Amazon Forests : The Amazon Rainforest

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One of the largest forests in the world, passing nine nations and over 1.4 billion acres, the Amazon rainforest stands as an amazing wonder in the world. The majority of the Amazon rainforest lies in Brazil, but also is found in Bolivia, Ecuador, Peru, Colombia, Venezuela, Suriname, French Guiana, and Guiana. Covering such a vast amount of land makes this region one of the most diverse ecological habitats in the word, but, while recognized as a priceless jewel of nature and a key factor in the global climate control, greed and selfishness are quickly destroying the Amazon Rainforest. Just as full and deep as its densest jungle the Amazon Rainforest’s history reveals secrets to the development of a unique ecosystem. This region…show more content…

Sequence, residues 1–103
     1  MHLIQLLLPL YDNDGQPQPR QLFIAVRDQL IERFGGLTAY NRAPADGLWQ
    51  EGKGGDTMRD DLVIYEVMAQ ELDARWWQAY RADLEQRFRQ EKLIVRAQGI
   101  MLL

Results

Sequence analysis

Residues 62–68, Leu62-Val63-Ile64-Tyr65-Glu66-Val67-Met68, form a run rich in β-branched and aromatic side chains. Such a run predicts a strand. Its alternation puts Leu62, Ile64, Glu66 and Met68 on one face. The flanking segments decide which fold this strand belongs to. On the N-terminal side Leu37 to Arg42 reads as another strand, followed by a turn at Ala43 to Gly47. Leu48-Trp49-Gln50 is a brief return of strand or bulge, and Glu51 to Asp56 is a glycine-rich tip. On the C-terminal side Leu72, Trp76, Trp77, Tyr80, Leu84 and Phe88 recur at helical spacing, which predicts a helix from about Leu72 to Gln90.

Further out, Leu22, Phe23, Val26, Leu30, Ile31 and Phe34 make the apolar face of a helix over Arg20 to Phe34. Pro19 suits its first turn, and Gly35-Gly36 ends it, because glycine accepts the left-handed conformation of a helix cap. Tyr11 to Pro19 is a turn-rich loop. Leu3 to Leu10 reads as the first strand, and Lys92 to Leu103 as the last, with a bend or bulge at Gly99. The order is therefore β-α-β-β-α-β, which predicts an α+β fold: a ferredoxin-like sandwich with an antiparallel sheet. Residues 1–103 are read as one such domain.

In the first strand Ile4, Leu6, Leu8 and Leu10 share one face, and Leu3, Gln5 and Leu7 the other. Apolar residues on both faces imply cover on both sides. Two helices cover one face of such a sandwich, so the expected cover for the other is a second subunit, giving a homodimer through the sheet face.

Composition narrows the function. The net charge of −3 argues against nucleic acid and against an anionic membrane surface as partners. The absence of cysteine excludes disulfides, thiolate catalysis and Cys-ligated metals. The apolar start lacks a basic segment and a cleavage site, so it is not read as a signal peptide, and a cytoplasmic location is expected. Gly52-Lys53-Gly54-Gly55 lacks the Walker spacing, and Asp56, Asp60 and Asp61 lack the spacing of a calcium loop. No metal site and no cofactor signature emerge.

Even today, modern governments seek to make profit off of the Amazon. For instance, Brazil gives incentives to people to migrate to the forest in hopes of building new cities and to develop this last great frontier. The sad thing about this migration of people into the rainforest pertains to the affects they have on the region. Over the last fifty years, nearly 15% of the Amazon has been destroyed, with most of the destruction attributed to burning. With destructive forces pillaging the rain forest, many plants and animals face an uncertain future. The flora and fauna of the Amazon houses rare varieties of species that can only live in such an environment. The destruction of the rainforest is directly affecting the lives of the plants and animals of the region. Because this is the only area where they can survive, once their home is destroyed they will become extinct. Some specific flora found in the Amazon include the kapok tree, the water lily, and orchids. The kapok tree is the biggest tree of the Amazon rainforest, as it can grow to 200 feet tall with a trunk about 10 or 11 feet in diameter. This big tree is usually the home of many other species, from insects to frogs to birds, while also providing support for tree climbers and bromeliads. Another common visitor of the Kapok trees comprises bats attracted by the trees flower smell. While one of the largest plants of the Amazon it does not
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